First JAK inhibitor approved as second-line RA treatment


Tofacitinab approved for 5-mg tablets for the treatment of adult patients with moderately to severely active rheumatoid arthritis unhealed by methotrexate


In November 2012, FDA approved tofacitinib (Xeljanz, Pfizer) 5-mg tablets for the treatment of adult patients with moderately to severely active rheumatoid arthritis (RA) who have not shown an adequate response to methotrexate or who are intolerant to methotrexate. Tofacitinib, an oral nonbiologic disease-modifying antirheumatic drug (DMARD), can be used as monotherapy or in combination with methotrexate or other nonbiologic DMARDs. It is contraindicated for use with biologic DMARDs or with immunosuppressive agents, such as azathioprine and cyclosporine.

Tofacitinib is the first treatment for RA with a new class of drugs, Janus kinase (JAK) inhibitors. JAKs are enzymes that transmit signaling from cytokines and growth-factor receptors involved in hematopoiesis and immune function. Tofacitinib inhibits JAKs; this in turn blocks the signaling of several cytokines and interleukins involved in lymphocyte function. 

Tofacitinib was approved with a Risk Evaluation and Mitigation Strategy (REMS), including a Medication Guide for patients, a communication plan for healthcare providers and pharmacists, and periodic submissions of assessments of the REMS. The manufacturer will also be conducting post-marketing clinical trials to evaluate long-term safety of tofacitinib and to determine its efficacy and safety in children with polyarticular juvenile idiopathic arthritis.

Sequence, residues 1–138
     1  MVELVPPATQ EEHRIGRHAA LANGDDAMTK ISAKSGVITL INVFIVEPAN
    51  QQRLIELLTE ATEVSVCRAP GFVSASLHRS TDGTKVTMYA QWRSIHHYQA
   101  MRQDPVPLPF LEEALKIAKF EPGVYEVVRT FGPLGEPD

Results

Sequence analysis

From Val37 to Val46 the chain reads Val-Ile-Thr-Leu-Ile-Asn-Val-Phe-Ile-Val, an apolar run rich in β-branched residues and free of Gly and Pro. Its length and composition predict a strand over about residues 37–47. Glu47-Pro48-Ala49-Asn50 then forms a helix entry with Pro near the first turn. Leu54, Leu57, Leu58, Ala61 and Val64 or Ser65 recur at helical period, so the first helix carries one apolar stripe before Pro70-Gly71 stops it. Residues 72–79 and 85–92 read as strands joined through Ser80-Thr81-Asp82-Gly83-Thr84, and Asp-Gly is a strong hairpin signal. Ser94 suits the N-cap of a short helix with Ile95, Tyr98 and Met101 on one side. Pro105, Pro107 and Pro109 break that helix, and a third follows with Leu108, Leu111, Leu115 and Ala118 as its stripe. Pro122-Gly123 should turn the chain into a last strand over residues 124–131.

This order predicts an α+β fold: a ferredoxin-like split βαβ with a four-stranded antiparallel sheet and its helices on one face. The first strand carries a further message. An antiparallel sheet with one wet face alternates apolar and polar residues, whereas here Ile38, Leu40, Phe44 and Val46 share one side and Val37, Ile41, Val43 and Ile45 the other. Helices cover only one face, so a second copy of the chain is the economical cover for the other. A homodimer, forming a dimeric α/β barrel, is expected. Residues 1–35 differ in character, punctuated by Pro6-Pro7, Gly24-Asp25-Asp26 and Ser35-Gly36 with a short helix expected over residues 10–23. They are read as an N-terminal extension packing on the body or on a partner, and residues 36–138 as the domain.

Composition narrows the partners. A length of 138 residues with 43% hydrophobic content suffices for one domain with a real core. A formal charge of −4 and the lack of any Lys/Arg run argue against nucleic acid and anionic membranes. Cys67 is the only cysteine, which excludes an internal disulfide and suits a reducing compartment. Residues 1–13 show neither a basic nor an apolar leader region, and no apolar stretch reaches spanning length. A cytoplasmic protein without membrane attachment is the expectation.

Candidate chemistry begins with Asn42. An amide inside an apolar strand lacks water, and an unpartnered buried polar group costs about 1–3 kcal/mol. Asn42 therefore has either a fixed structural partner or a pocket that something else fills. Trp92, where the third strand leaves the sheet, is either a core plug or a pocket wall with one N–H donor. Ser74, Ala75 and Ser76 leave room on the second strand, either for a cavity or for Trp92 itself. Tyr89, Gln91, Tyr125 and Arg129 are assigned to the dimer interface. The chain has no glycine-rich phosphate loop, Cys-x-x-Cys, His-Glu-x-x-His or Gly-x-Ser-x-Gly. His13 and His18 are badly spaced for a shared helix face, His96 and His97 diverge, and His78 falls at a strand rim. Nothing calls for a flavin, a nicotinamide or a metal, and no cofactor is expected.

FDA approved tofacitinib on the basis of two six-month dose-ranging studies and five confirmatory studies, which evaluated approximately 5,000 patients with RA. Based on two dose-finding studies, tofacitinib 5 mg and 10 mg twice daily were evaluated in five confirmatory trials. Trials evaluated patients with moderate-to-severe RA in addition to one of the following characteristics: inadequate DMARD response, inadequate nonbiologic DMARD response, inadequate methotrexate response, or inadequate tumor necrosis factor inhibitor response.  Tofacitinib was used either alone or in addition to a nonbiologic DMARD, often methotrexate. In the trial evaluating patients with inadequate response to methotrexate, adalimumab was also used as a comparator. Primary end points of the trials included the American College of Rheumatology 20 (ACR20), change in Health Assessment Questionnaire–Disability Index (HAQ-DI), and rates of Disease Activity Score DAS28–4 (ESR) less than 2.6.

In all the studies, patients treated with tofacitinib at either 5 mg or 10 mg twice daily had a higher ACR20 response rate than that of the placebo group, regardless of background DMARD therapy. In patients with inadequate response to methotrexate, addition of tofacitinib 5 mg or 10 mg twice daily increases achievement of a Disease Activity Score of DAS28-4 (ESR) less than 2.6 (1% in methotrexate plus placebo, 6% in methotrexate plus tofacitinib 5 mg, and 13% in methotrexate plus tofacitinib 10 mg groups).

Physical function as measured by the HAQ-DI improved from baseline to 3 months in patients who inadequately responded to methotrexate when tofacitinib 5 mg or 10 mg twice daily was added to methotrexate. The mean differences in both tofacitinib groups were significant [-0.22 (-0.35 to -0.10) in patients taking tofacitinib 5 mg and -0.32 (-0.44 to -0.19) in tofacitinib 10-mg groups]. The manufacturer reports that similar findings were noted in the other trials as well.